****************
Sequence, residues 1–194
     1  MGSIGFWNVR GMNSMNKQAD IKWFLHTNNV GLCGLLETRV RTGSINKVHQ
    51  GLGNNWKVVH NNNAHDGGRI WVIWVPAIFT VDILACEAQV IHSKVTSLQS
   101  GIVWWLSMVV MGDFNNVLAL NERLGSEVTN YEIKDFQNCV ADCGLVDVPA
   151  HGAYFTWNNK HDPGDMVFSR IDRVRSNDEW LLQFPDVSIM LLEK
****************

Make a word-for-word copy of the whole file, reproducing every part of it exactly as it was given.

Sequence, residues 1–194
     1  MGSIGFWNVR GMNSMNKQAD IKWFLHTNNV GLCGLLETRV RTGSINKVHQ
    51  GLGNNWKVVH NNNAHDGGRI WVIWVPAIFT VDILACEAQV IHSKVTSLQS
   101  GIVWWLSMVV MGDFNNVLAL NERLGSEVTN YEIKDFQNCV ADCGLVDVPA
   151  HGAYFTWNNK HDPGDMVFSR IDRVRSNDEW LLQFPDVSIM LLEK